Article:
It is a crying shame that chemistry has been dropped from the undergraduate programme at King's College London, the alma mater of my aunt Rosalind Franklin, with the consequent loss of the partnership with the National Institute for Medical Research ("King's punished for closure", February 18).
The demise of chemistry can be traced to the devastating effects of the research assessment exercise and to the way science is taught in schools. Secondary school science is now taught and tested in soundbites. Pupils have to learn "facts" for a battery of exams leaving little time for an engagement with and enjoyment of science. Youngsters are denied the excitement of science that Franklin's generation enjoyed. The demands of the RAE drive academics away from classrooms and cut vital courses. The demands of the test-driven educational system demoralise learners.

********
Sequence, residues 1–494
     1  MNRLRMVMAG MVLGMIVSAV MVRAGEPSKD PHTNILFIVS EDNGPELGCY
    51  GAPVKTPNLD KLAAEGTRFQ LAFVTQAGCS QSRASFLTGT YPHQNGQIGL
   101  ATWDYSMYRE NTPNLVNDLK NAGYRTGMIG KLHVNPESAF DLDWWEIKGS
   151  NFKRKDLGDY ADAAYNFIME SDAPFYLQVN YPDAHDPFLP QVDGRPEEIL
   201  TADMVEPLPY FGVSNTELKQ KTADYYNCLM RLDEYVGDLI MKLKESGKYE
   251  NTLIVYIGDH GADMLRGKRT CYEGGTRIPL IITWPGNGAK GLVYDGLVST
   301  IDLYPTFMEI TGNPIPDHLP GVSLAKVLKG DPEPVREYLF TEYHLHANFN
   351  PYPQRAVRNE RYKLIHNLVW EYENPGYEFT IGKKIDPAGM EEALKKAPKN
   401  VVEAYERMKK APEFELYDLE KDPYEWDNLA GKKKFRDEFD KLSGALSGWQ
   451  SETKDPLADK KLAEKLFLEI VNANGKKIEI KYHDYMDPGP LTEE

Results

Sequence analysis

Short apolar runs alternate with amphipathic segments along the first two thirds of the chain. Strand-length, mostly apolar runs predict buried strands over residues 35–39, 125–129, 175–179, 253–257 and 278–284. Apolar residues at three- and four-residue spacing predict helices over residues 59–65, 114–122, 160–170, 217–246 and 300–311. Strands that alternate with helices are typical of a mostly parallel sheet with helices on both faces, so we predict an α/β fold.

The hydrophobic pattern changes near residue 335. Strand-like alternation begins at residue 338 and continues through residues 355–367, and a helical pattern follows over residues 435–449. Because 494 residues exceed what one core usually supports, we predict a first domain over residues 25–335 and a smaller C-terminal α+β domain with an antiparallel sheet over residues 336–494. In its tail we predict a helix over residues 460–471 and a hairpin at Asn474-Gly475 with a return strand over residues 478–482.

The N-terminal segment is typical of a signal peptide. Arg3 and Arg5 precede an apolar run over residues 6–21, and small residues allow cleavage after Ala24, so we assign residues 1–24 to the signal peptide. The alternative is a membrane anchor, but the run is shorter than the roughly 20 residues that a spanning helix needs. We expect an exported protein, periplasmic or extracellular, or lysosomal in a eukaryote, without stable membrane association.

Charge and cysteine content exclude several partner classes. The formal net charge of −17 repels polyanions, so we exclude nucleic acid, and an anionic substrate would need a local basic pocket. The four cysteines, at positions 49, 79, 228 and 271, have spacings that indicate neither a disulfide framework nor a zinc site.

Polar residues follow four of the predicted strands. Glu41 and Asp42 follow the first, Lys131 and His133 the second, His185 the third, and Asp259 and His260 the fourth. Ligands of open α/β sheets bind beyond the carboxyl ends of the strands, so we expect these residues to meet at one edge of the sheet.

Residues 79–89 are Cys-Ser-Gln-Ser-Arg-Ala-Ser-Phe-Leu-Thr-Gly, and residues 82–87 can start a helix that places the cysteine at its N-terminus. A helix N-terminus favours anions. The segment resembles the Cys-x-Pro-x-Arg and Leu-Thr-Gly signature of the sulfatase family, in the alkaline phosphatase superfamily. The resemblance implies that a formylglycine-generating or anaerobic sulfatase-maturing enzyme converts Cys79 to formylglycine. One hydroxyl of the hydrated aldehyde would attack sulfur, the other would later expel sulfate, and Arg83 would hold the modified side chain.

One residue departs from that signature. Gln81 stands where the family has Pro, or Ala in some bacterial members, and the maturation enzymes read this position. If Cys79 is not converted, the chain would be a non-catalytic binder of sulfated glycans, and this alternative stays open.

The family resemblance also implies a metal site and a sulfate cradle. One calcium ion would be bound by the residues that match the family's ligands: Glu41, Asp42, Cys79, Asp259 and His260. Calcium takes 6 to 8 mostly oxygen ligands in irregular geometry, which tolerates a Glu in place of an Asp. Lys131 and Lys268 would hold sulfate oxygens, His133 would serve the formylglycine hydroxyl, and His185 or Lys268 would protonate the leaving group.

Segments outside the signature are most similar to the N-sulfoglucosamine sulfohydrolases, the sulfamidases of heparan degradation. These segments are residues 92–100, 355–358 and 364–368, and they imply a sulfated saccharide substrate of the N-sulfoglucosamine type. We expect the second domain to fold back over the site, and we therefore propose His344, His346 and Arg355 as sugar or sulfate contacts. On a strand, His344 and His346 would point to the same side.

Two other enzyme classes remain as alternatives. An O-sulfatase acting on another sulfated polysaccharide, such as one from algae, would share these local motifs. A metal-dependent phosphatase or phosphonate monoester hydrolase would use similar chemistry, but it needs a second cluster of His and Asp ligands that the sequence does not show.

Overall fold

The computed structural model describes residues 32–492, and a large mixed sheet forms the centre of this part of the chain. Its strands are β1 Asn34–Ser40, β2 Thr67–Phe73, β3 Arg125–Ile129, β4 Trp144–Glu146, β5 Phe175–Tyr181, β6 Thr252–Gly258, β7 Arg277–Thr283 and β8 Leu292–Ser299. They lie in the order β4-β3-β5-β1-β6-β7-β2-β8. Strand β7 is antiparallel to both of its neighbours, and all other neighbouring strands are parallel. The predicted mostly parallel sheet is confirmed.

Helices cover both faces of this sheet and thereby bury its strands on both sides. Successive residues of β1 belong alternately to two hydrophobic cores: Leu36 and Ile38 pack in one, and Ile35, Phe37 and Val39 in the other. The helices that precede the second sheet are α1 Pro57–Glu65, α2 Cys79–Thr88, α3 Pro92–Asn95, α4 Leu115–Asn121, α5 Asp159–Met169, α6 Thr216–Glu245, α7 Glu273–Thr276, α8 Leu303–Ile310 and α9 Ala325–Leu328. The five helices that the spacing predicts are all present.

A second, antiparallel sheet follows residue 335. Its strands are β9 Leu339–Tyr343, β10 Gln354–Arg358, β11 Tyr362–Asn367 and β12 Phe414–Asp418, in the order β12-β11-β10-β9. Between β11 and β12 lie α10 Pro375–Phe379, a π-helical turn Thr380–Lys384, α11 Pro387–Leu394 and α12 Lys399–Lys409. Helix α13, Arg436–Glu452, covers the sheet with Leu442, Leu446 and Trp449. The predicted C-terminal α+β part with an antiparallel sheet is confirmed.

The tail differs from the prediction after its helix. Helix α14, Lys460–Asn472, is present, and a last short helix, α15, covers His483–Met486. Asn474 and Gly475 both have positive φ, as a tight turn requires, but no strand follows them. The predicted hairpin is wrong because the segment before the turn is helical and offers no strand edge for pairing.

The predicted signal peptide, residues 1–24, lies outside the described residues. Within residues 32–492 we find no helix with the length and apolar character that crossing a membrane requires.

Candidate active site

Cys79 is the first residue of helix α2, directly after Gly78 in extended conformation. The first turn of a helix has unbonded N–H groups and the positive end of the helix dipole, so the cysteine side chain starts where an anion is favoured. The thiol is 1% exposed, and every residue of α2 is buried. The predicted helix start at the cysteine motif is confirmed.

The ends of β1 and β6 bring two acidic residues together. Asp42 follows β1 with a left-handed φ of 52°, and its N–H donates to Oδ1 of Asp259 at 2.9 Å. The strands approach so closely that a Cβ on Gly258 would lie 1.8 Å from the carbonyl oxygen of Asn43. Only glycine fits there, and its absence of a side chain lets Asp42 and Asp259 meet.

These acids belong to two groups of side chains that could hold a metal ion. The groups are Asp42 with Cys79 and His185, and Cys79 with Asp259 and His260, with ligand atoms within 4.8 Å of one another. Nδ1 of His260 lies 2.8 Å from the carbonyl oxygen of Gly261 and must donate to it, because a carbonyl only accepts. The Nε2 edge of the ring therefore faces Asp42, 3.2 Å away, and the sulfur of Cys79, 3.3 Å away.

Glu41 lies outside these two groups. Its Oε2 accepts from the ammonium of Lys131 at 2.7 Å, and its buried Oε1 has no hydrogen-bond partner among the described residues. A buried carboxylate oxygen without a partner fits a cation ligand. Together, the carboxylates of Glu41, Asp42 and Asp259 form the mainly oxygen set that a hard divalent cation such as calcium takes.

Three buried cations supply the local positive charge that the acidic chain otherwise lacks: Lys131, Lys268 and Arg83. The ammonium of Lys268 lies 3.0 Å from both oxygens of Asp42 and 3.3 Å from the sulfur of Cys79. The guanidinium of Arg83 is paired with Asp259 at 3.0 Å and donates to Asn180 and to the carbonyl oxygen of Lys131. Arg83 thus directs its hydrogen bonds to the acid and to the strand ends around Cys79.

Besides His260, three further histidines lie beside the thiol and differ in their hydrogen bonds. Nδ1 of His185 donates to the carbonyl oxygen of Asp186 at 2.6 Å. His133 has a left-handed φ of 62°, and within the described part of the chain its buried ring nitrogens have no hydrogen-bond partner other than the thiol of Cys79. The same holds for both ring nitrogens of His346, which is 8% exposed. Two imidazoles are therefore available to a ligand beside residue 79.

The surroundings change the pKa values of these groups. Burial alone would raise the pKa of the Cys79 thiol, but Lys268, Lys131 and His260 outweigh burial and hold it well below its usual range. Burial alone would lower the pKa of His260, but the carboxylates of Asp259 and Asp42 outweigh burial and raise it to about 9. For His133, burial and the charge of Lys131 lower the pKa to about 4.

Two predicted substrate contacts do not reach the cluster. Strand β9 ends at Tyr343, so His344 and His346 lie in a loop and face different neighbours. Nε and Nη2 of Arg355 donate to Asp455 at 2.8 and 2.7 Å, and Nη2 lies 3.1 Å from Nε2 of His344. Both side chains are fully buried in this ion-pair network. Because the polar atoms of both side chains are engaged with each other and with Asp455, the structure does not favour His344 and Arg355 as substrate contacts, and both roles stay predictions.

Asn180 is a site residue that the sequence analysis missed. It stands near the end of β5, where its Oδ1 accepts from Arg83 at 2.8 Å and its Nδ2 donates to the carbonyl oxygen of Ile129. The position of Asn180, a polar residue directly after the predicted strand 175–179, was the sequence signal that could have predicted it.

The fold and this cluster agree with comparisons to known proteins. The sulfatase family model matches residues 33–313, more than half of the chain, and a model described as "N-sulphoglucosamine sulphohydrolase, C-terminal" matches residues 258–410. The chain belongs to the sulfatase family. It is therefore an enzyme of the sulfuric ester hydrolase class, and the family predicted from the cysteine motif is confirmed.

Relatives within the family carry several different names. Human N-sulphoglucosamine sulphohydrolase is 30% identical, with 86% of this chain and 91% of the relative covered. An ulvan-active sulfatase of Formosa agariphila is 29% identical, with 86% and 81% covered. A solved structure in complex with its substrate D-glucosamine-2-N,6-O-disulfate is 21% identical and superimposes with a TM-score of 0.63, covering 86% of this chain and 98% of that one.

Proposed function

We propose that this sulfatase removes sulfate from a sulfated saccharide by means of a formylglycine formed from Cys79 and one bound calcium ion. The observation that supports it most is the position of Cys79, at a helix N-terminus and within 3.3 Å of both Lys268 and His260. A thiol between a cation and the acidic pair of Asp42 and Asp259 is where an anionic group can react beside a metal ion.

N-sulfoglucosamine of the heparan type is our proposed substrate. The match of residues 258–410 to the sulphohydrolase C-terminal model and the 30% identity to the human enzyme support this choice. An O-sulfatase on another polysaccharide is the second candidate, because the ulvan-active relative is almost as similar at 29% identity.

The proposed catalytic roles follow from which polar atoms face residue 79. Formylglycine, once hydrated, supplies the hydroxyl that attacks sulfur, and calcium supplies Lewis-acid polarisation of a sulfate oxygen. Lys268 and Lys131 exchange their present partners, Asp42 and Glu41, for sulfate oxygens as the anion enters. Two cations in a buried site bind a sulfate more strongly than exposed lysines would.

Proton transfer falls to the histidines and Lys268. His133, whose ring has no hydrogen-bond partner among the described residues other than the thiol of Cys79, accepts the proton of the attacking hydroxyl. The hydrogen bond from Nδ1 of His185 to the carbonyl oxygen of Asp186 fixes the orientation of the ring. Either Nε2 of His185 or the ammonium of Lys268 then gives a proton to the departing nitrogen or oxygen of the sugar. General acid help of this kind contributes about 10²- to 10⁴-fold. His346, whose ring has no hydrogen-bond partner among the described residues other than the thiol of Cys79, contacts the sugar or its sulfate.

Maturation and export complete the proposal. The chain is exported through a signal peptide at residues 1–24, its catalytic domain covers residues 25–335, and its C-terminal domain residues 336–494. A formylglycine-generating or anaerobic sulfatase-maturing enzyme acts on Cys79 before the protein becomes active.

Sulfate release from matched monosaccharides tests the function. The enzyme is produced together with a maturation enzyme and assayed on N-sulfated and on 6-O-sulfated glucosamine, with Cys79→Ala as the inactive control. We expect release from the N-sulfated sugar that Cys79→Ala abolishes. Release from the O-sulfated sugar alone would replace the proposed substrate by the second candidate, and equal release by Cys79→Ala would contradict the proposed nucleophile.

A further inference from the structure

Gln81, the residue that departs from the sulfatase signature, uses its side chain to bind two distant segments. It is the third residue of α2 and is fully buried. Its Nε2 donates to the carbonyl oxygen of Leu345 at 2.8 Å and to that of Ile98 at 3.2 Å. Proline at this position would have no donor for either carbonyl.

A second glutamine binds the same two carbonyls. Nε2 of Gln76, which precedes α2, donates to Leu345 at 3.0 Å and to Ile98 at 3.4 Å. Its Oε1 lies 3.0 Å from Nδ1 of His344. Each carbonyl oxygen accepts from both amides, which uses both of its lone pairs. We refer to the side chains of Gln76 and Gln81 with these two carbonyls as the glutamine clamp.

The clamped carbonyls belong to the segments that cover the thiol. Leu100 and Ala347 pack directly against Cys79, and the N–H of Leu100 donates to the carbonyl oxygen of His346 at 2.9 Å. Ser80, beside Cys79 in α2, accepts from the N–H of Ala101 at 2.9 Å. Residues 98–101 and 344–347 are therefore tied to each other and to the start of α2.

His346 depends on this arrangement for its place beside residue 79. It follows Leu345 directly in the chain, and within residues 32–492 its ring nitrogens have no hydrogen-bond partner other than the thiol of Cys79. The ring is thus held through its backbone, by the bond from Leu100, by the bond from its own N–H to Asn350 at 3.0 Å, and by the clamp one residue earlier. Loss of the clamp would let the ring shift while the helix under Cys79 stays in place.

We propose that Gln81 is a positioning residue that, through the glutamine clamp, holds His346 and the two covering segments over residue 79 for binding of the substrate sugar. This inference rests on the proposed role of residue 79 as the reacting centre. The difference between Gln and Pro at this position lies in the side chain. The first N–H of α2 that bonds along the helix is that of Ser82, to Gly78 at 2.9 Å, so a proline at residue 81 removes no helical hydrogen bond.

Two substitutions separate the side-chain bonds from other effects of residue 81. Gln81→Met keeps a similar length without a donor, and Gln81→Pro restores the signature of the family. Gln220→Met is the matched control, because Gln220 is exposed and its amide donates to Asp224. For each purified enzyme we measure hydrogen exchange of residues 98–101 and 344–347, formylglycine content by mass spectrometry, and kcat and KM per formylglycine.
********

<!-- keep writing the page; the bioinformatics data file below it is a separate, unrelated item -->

We desperately need physicists and chemists. We desperately need a challenging and rigorous education system with exciting learning experiences. Perhaps King's education department, housed in the Franklin Wilkins building named after my aunt, should address these issues.
St Martin's College, London